This will be my last post for the COVID-19 diary I’ve been keeping over lockdown, and I’m looking forward to resuming my usual blogging ways.
New Zealand rejoiced as we moved to Level Two on Thursday. We are that much closer to ‘normality’.
We surprise our parents with a quick visit to Whanganui, arriving unannounced in the evening.
There are many, many hugs. The grandparents have been totally desperate to hug Miss E and Master D; lockdown has been hard for them. My MiL has found it particularly hard as she is on her own. Physical touch is her love language and the lack of hugs got her down as the weeks went on. Fortunately she was able to break her bubble in Level Three and hang out with her bestie, but friend-hugs aren’t quite the same as the enthusiastic, leaping-into-arms hugs she got from Miss E and Master D. You are much less likely to crack a rib from a friend-hug.
We stay with friends who have lots of space for us. They have children of a similar age to ours, and they are thrilled to have friends to play with again. Because their location is not somewhere they can walk safely around the neighbourhood, their children haven’t left their property the entire time over lockdown – although they are on a lifestyle block with tons of room to play.
Because our friends + family would be more than 10, we are unable to celebrate all together. We have to spend the day staggering our time so that everyone gets an equal share of our time. Master D demands to know why we can’t stay for ‘twelve nights’. He is enjoying being back with his friend Z.
But we have online church to get back to, school to get ready for, a new job to prepare for, and we must head back to Wellington.
The trip does us all good. The change of scene is needed, the hugs are wonderful, the conversations are welcome. We come back with our tanks filled.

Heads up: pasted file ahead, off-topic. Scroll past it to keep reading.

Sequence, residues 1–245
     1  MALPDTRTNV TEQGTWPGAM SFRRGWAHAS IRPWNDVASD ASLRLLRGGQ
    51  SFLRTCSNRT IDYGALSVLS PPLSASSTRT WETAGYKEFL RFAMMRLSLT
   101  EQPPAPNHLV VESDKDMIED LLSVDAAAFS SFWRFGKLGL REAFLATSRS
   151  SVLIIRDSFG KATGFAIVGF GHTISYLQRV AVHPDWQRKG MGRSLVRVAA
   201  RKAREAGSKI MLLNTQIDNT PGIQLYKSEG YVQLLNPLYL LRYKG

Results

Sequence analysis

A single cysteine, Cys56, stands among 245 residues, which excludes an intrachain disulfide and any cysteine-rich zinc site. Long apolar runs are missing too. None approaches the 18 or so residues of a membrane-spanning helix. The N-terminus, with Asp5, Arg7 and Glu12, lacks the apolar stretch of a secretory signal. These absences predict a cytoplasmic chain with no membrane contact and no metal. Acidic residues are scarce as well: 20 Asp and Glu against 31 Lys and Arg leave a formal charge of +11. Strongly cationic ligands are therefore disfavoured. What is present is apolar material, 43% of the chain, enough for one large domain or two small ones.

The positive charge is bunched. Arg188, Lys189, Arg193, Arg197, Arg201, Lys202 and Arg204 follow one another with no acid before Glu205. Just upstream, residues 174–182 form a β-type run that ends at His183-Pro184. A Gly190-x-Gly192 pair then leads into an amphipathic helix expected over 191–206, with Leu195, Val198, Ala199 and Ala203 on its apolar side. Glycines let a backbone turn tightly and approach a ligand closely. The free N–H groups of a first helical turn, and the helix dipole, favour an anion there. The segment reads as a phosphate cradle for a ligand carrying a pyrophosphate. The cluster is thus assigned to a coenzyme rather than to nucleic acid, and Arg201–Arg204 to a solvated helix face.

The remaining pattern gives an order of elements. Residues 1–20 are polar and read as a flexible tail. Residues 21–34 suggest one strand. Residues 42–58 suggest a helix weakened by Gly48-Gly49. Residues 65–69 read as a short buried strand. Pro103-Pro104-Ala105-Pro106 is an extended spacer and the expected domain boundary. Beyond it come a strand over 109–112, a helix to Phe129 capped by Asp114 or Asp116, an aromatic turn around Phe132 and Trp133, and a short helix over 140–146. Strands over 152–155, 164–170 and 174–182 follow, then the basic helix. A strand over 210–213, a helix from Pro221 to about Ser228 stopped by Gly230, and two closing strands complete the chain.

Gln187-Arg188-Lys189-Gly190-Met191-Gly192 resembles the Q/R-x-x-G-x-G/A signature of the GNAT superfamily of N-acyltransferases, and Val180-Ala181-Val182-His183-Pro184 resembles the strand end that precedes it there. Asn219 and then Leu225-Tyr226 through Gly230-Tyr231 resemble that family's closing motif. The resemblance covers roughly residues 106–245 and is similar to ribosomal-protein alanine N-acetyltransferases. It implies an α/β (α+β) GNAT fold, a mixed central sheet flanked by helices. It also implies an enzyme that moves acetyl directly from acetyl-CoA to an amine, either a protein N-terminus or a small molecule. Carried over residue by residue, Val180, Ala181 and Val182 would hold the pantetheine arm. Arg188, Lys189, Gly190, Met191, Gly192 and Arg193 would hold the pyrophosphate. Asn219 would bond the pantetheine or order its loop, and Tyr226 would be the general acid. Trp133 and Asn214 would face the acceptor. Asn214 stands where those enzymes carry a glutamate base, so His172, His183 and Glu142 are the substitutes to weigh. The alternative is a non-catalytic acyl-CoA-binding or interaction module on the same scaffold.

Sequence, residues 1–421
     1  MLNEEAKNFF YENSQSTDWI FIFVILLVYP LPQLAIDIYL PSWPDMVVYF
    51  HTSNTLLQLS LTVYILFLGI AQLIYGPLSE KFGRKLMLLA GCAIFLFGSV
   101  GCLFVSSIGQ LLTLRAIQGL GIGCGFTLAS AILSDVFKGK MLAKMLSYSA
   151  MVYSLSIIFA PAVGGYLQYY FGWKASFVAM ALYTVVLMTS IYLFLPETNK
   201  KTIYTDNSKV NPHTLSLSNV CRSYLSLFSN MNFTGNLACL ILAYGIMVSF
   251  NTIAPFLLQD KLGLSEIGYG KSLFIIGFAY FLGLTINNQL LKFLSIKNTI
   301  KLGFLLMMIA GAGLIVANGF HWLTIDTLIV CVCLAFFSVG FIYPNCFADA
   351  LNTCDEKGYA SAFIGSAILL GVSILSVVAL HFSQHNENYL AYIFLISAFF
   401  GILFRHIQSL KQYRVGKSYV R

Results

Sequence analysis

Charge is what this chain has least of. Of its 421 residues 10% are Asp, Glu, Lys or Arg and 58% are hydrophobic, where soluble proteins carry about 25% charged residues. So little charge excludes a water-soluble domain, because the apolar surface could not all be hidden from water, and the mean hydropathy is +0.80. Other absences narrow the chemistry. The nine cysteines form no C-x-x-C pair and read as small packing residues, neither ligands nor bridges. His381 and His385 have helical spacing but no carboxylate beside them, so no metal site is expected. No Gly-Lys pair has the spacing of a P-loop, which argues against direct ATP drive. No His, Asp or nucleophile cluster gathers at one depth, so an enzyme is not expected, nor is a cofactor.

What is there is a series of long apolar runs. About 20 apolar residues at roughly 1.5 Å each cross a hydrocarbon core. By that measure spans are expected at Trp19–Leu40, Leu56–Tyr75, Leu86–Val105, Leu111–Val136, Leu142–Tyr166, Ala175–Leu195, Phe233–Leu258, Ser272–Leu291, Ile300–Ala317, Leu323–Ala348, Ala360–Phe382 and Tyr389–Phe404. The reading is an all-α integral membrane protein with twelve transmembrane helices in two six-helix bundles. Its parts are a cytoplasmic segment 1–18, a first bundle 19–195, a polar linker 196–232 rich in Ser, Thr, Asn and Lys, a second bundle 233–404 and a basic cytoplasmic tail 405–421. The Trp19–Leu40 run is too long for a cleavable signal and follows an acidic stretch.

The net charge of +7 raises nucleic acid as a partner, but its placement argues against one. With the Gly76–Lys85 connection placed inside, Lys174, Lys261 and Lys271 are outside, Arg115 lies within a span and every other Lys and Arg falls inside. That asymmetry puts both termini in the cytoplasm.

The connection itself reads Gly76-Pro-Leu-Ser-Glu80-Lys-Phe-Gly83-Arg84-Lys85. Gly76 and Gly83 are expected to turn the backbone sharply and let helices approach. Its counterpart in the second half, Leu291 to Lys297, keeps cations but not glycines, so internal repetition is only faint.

The children are nervous about starting school. Parents are discouraged from coming on the the school grounds, and those who do must download a tracing app. The children have to line up on marked crosses and sanitise their hands before entering the classroom. They are told not to ‘freak out’ if they accidentally touch someone, but to go and wash their hands.
My children come home talking about avoiding ‘moist breaths’ over their classmates. I can’t get out of them how their day was or what they talked about in class. But I do know the school was prioritising play and re-establishing connections, and I imagine COVID stories will feature for quite some time. Master D, in the meantime, comes home with serious bags under his eyes, and is already asking when he can have a day off!
I have found my new job to be very energising – and definitely got the job thanks to my writing and blogging skills. The hours are flexible, and easily worked around the needs of my family, so I am very grateful to have it!
Most people have no idea how difficult it is to find part-time work that is actually family-friendly. I’m serious, go check your local job search website. The majority of part-time jobs expect workers to be available to come in 24/7 (often on a casual basis), and almost always include weekend work.
It may sound strange to you, but I’ve been saddened to read over and over again reports of workers being able to ‘reconnect’ with their children over lockdown, or for the opportunity to ‘slow down’ from the busyness of normal life. I am not bagging working parents at all(!), but surely the pandemic has highlighted how much the way in which we work and do business has to change? To stop treating workers like they don’t have family, or other commitments in their lives? Getting any work/life balance is impossible for most people – one of those things always loses out. When it takes a pandemic for workers to be able to spend quality time with their families then something is terribly wrong.
While Level Two has reunited me with my loved ones, I am nervous of what is to come over the next few months. The recession, the job losses, the hardships. Life is not going to be ‘the same’. Nor should it be, but it is my prayer that good things will eventually emerge from this worldwide mess.